Denise Butler 1
Gastroenteritis (also known as gastric flu or stomach flu, although unrelated to influenza) is inflammation of the gastrointestinal tract, involving both the stomach and the small intestine and resulting in acute diarrhea. It can be transferred by contact with contaminated food and water. The inflammation is caused most often by an infection from certain viruses or less often by bacteria, their toxins, parasites, or an adverse reaction to something in the diet or medication. Current death rates have come down significantly to approximately 1.5 million deaths annually in the year 200, largely due to the global introduction of oral rehydrationtherapy and is a leading cause of death among infants and children under 5.
Other significant viral agents include adenovirus and astrovirus. Different species of bacteria can cause gastroenteritis, including Salmonella, Shigella, Staphylococcususususususus, Campylobacter jejuni, Clortridium, Escherichia coli, Yersinia, Vibrio cholerae, and others. Some sources of the infection are improperly prepared food, reheated meat dishes, seafood, dairy, and bakery products. Each organism causes a slightly different symptoms but all result in diarrhea. Colitis, inflammation of the large intestine, may also be present. Risk factors include consumption of improperly prepared foods or contaminated water and travel or residence in areas of poor sanitation. It is also common for river swimmers to become infected during times of rain as a result of contaminated runoff water.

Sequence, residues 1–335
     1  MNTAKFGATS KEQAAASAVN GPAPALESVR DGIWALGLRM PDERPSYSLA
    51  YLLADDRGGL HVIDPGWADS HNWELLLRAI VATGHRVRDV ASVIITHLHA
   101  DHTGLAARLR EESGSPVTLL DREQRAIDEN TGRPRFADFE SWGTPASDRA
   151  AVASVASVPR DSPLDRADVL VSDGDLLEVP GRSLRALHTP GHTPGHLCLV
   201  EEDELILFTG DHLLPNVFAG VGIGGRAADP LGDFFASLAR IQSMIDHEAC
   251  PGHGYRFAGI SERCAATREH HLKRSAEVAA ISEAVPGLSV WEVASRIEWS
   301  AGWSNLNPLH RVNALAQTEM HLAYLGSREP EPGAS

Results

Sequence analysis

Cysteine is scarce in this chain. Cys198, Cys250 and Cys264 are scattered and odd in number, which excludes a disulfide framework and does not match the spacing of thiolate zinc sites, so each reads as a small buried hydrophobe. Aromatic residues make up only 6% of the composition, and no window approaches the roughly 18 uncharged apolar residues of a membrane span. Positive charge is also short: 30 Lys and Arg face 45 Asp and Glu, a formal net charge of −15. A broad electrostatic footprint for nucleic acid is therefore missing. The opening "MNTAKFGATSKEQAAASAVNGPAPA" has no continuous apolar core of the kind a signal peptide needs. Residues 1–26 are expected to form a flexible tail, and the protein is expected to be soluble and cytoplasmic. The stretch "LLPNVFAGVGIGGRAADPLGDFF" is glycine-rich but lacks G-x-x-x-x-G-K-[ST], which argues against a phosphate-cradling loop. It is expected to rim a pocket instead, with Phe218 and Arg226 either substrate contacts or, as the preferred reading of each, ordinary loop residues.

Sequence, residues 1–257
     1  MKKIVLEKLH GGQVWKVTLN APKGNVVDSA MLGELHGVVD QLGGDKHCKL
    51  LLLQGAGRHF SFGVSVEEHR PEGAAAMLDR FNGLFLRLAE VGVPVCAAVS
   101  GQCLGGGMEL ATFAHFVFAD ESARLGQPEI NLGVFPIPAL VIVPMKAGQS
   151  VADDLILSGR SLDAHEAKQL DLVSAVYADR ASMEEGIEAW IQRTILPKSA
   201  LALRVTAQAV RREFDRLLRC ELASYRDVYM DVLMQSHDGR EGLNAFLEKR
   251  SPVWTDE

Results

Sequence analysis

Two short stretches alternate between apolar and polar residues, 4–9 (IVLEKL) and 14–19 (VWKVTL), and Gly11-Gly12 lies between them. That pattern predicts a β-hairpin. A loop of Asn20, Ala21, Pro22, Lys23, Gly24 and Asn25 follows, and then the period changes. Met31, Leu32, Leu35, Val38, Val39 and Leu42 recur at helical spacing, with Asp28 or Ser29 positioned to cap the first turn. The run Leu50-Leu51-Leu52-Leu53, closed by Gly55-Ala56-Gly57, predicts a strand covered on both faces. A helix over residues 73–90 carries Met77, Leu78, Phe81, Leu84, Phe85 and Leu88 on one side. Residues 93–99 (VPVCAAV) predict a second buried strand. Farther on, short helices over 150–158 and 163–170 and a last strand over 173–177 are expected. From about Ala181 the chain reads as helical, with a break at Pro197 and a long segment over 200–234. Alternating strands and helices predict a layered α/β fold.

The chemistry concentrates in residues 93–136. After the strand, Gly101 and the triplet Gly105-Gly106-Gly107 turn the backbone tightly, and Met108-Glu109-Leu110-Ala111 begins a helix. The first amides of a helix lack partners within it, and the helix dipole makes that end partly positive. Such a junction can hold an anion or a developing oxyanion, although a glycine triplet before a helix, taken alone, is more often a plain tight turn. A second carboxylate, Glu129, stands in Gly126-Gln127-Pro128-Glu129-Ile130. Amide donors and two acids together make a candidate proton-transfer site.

Before the 20th century, the term”gastroenteritis” was not commonly used. What would now be diagnosed as gastroenteritis may have instead been diagnosed more specifically as typhoid fever or “cholera morbus” among others, or less specifically as “griping of the guts”, “surfeit”, “flux”, “colic”, “bowel complaint”, or any one of a number of other archaic names...
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